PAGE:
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A Classic Example of Shooting Oneself in the Foot

With Labor Day almost upon us, it’s appropriate we discuss all things germane to what was once referred quaintly and respectfully (if not affectionately) as the “working class.” Strikes, protests, street violence, the incremental passage of labor laws: All part of the Labor Movement’s rich history.

Let us begin with a look back at what many rank-and-file activists regard as the precise moment when America’s unions began their dreadful and inexorable decline, and what labor expert Joseph McCartin once called, “one of the most important events in late twentieth century U.S. labor history.” We’re referring to the 1981 PATCO (Professional Air Traffic Controllers Organization) strike. That’s the one where President Reagan fired everybody.

Because it was illegal for federal employees to go on strike, their startling walkout appeared to everyone (even hardcore union honchos were scratching their heads) as a clear-cut violation of federal law. Predictably, declaring the strike to be a threat to “national safety,” Reagan ordered them back to work, citing the Taft-Hartley Act (1947).

Of the nearly 13,000 who went on strike, only about 1,300 heeded the President’s ominous warning and returned to work. Ultimately, Reagan wound up firing a total of 11,345 air traffic controllers. These well-meaning men and women were not only fired, they were banned for life from ever holding a federal civil service job.

The PATCO debacle was huge, not only substantively but symbolically. By resolutely taking on a high-profile federal union, and slapping it around in public—slapping it around with everyone watching—Ronald Reagan not only transformed himself into a hero of the anti-labor Right, his actions caused Corporate America to stand on its hind legs and take notice.

The way Corporate America now saw it, maybe the country’s labor unions weren’t the big, bad muscle organizations we’d always thought they were. Maybe they weren’t nearly as formidable as we surmised. Indeed, maybe their bark was far, far worse than their bite.

In fact, like the schoolyard bully who melts into a quivering mass of jelly when confronted by the first kid with the guts to stand up to him, maybe America’s unions had been bullshitting us all along. In any event, the PATCO strike marked the beginning of all the bad stuff that has happened to unions over the last 36 years, stuff that is still happening.

But despite Reagan being the obvious villain, there are parts of the PATCO episode that remain disturbing. For one, PATCO (founded in 1968) was already viewed by the House of Labor as a “screwball” outfit. How screwball? In the 1980 presidential election, only three notable unions chose to endorse the Republican Reagan over the incumbent Democrat Jimmy Carter: the Teamsters (“screwball” in their own unique way), the air line pilots, and, yes, PATCO.

For another, the PATCO membership had elected a brand new president, one Robert Poli, a man who, by all accounts, was charismatic and profoundly effective as a public speaker—a rabble-rouser and motivator—but who was woefully inexperienced and virtually clueless as a “leader.” A loud-mouth firebrand….and little else.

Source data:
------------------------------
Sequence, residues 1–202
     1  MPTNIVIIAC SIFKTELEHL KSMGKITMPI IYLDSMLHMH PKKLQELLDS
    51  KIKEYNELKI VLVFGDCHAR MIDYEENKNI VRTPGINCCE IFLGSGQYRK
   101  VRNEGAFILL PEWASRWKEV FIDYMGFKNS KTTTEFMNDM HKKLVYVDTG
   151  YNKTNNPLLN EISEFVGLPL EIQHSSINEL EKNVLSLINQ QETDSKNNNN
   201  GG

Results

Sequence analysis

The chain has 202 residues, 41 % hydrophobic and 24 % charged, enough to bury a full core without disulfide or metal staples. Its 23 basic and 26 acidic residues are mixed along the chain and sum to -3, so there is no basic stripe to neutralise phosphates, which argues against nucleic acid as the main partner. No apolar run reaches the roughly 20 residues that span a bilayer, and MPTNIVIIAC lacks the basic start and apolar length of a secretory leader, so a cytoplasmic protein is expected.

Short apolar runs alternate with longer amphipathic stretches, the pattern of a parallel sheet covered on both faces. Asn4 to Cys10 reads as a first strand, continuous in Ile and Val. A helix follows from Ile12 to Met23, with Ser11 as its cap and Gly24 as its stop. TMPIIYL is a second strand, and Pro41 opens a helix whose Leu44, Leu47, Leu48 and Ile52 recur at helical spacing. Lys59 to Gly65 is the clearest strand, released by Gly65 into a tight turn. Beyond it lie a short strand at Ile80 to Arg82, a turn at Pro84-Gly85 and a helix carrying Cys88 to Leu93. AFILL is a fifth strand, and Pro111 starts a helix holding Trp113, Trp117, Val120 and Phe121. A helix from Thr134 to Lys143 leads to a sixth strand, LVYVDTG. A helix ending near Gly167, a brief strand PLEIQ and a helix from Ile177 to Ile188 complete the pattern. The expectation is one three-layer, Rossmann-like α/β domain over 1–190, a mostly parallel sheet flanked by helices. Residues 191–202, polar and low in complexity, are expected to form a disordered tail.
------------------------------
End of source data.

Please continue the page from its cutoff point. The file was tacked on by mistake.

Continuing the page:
And here’s the third thing. By walking off the job, these air traffic controllers, as gutsy and committed as they were (and one has to admire their solidarity and determination), had practically dared Reagan to fire them. “Here we are, Mr. President. We are going on strike, which we realize is illegal and punishable by termination. What are you going to do about it, sir? Frankly, we don’t think you have the balls to do anything.”

At a press conference, Reagan read a letter that these workers had signed upon being hired. It included this statement: “I am not participating in any strike against the Government of the United States or any agency thereof, and I will not so participate while an employee of the Government of the United States or any agency thereof.” Granted, the words were largely symbolic and corny, but these workers had given their oath, and that oath, once revealed, caused the public to line up against them.

But here’s the really incredible part. Reagan balked. Instead of immediately firing every union member who walked off the job, Reagan, inexplicably, backed off. Instead, he announced a 48-hour grace period. Even though these workers violated federal law, and could have instantly forfeited their jobs, Reagan gave them 48 hours to reconsider. Knowing how high the stakes were, Reagan offered them a second chance. A chance to think it over.

Unfortunately, the truculent Poli continued to whip the membership into a frenzy. He persuaded them to reject this peace offering, clinging to the view that the government was bluffing. And by doing so, the union basically pissed away the one chance it had of coming out of this thing looking good.

So there was a day in early August, 1981, when American workers were desperately in need of a smart, shrewd, and wisely pragmatic leader. Instead, they found themselves under the spell of a reckless self-promoter. To say it ended badly would be an understatement. Poli got bounced, thousands of people lost their jobs, and PATCO was decertified and dissolved later that same year.

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David Macaray is a playwright and author. His newest book is How To Win Friends and Avoid Sacred Cows.  He can be reached at dmacaray@gmail.com

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